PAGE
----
If you commit a penalty against the Toronto Maple Leafs this season, prepare for the worst.
Wednesday’s 5-3 pre-season victory over the Canadiens in Montreal — the first true NHL-level preview for Toronto — proved how far skill goes in this sport, as the club that worked the hardest and dominated the play lost.
Here are five things we learned from the first exhibition to feature both of the Leafs’ No. 1 lines.
The dress rehearsal of the Maple Leafs’ brand-new top power-play unit received rave reviews. The unveiled super squad of Morgan Rielly (point), Mitchell Marner (right half wall), Auston Matthews (left wall), John Tavares (net front) and Nazem Kadri (high slot) scored in each of its first two opportunities.
Kadri, who led all Leafs with 12 power-play goals last season, sniped first. And Matthews, who must be giddy to (finally) be on the receiving end of Marner’s perfect passes, sniped a ridiculous short-side shot to give Toronto a 2-1 lead early in the second frame.
“So far, it’s pretty smooth,” Kadri said on the broadcast. “We’re moving the puck well. Everyone’s getting chances.”
Toronto had the NHL’s second-most-effective power play last season, converting on 25 per cent of its opportunities. The bounty of weaponry on this new look, which went 2-for-5 Wednesday, will give penalty-killers night terrors.
By moving Matthews, who only had five power-play goals last season, up to PP1 and sliding Tavares into James van Riemsdyk’s vacated office, Babcock has shifted from a more balanced two-unit attack to a clear focus on his best offensive players, much like Pittsburgh does.
Some might call the first power-play group stacked.
“I didn’t know I stacked one,” Babcock said this week. “The way it’s going to work, just like I always do: Whoever scores goes out there more. Last year we started with two equal power-play groups. Which group got out there the most? The one that scored. Not a bad idea.”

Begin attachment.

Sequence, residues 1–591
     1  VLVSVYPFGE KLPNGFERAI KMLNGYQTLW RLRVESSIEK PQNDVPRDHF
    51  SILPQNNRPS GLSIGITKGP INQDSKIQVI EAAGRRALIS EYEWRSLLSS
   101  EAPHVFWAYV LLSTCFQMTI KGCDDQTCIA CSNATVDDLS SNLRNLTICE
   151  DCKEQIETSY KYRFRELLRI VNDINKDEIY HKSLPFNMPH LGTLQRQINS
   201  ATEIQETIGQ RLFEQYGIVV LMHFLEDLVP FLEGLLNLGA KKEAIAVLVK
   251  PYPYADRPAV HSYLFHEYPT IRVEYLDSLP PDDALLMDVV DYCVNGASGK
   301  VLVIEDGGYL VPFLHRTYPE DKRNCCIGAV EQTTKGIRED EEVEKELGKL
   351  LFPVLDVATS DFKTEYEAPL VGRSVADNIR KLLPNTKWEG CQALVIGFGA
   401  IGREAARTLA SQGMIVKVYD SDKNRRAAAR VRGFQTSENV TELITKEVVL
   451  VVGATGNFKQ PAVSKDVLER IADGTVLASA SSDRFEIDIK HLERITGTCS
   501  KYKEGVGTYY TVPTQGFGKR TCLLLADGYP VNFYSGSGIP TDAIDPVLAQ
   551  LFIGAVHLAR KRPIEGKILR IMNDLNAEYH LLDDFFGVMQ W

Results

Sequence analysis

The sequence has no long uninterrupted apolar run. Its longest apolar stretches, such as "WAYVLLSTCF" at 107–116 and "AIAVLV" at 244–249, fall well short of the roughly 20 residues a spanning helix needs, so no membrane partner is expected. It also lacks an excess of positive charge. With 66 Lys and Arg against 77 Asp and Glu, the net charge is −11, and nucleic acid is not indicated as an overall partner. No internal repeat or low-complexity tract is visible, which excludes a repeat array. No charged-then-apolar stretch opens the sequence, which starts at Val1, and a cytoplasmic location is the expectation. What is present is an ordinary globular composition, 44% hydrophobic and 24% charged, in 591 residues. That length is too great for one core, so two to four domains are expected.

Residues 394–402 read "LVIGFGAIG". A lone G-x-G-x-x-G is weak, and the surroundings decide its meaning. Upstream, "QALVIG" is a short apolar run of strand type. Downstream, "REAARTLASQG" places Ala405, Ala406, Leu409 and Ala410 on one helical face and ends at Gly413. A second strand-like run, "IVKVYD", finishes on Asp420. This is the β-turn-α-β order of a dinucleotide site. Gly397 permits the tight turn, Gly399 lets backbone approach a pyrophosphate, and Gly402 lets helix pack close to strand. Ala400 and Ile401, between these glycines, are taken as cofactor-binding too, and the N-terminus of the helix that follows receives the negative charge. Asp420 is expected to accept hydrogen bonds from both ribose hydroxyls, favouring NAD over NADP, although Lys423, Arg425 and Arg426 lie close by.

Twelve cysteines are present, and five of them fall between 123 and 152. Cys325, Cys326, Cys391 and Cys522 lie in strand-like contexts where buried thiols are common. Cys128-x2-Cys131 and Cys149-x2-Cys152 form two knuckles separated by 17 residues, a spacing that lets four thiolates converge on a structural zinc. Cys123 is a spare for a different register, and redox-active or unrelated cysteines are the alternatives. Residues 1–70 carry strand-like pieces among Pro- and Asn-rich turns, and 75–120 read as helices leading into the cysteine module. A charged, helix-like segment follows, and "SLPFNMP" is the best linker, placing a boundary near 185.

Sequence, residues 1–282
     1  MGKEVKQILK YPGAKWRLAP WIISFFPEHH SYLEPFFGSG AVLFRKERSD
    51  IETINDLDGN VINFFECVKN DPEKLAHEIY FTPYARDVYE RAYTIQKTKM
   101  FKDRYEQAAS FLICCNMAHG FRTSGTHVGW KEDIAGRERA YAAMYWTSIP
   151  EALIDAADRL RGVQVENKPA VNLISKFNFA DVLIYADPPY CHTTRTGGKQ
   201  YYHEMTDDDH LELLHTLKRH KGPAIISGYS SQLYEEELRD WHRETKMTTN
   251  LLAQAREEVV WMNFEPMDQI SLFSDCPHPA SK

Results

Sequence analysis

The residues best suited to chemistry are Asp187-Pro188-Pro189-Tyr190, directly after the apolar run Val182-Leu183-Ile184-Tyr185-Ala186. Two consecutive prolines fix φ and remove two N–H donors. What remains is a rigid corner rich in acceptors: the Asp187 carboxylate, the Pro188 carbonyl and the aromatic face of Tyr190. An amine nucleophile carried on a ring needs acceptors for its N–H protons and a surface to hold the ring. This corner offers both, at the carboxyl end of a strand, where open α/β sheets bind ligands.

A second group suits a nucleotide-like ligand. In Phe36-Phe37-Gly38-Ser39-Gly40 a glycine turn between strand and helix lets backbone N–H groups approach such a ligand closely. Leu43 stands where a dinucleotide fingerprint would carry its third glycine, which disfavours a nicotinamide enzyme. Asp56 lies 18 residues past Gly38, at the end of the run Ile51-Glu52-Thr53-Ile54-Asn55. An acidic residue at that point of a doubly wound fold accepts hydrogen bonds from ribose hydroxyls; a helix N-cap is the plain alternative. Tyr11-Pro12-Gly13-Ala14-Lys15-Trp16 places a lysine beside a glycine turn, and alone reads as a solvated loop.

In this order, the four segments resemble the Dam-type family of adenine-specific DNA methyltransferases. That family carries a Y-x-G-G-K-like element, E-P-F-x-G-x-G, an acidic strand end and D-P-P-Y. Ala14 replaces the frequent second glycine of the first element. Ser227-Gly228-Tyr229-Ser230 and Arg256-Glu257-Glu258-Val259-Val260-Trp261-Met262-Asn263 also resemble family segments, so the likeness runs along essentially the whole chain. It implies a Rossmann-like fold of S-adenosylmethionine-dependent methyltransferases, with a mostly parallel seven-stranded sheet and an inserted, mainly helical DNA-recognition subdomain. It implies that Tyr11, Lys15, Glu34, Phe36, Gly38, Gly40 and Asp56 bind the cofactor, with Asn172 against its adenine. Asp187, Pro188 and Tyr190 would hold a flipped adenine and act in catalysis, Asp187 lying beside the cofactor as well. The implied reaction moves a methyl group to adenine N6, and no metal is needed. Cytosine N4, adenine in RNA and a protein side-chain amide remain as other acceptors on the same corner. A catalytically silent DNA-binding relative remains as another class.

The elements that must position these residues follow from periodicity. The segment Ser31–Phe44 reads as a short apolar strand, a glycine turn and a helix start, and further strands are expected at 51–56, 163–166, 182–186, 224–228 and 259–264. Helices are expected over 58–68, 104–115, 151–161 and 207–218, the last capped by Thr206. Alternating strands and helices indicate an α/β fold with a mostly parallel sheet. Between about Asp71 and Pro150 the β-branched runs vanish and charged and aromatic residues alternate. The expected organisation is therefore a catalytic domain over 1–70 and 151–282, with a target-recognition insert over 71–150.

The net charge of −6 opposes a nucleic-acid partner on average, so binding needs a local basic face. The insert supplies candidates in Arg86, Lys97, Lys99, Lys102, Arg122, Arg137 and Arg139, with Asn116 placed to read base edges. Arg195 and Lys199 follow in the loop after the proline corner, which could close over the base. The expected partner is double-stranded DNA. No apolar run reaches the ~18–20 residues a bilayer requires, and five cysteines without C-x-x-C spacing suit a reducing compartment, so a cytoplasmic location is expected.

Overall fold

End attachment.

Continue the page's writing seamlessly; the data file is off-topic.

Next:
The risk of loading up the PP
It’s nitpicking, but by having his three top centres out on the ice at the same time, Babcock may be pushed to roll out his fourth line immediately after the man advantage. It will be interesting to see how opposing coaches try to take advantage of what could be a mismatched follow-up shift.
Another item worth tracking is Jake Gardiner’s power-play ice time. The defenceman is in a contract season and will want his cookies. He had 15 power-play points last season, but now Matthews has been removed from that second group.
“We had two pretty even units last year. I’m not surprised they put Matts and Mitchy together, especially with Willy [Nylander] not here,” Gardiner said. “You want your power play to score goals, and if that’s what it takes, that’s what it takes.”
Oh, so that’s why Marner is killing penalties
In effort to find ice time for all his talented forwards, Babcock will deploy Marner and Tavares as penalty killers this season.
Starting the second period down a man, Marner pounced when Montreal defenceman Jeff Petry bungled a dumped puck and took advantage of a stunned Carey Price. The shorthanded strike gave Marner his third of four points on the night, and it was followed up 40 seconds later when another Petry turnover led to a 2-on-1 shorthanded opportunity made good by Par Lindholm and Kasperi Kapanen.
“Mitch on the penalty kill was dynamic,” Babcock said.
(David Schlemko did get one back for the Canadiens on the same power-play, making for an eventful 76 seconds.)
Defence? Still a bit of an issue
Critics who believe Toronto’s own-zone play will prevent it from a deep run were handed more ammo Wednesday, when the Canadiens outshot the Leafs 36-26.
At even strength, the Habs controlled the run of play as the Leafs’ breakouts and defensive-zone coverage were shaky. Montreal had twice as many high-danger chances (10-5) at even strength.
“We seemed a little flat to start,” Tavares told reporters. “We need to keep our feet moving.”
That said, when you can score four times on special teams and your goaltender can make more saves than the other guy, the talent upfront can make up for the mistakes on the back end.
Third-pair bubble guys Calle Rosen and Igor Ozhighanov struggled. Each committed a pair of giveaways and were the only Leafs who finished as minuses.
“Their team worked harder than our team, and we turned the puck over way too many times,” said Babcock, noting a lack of detail in the winners’ effort. “You can’t poke and hope you’re going to make things happen.
“We got skill. Now we gotta learn how to play right.”
First peek at an (almost) Opening Night roster
Although missing three key pieces — Nylander (contract stalemate), Zach Hyman (bone bruise) and Travis Dermott (shoulder) — this was the first pre-season game that Toronto iced a true NHL roster. It looked like this:
“These last two games are really important for myself and everybody else to step it up a notch,” Matthews said. “You’re itching to get going.
“Opening night’s about a week away. There’s a lot of excitement there.”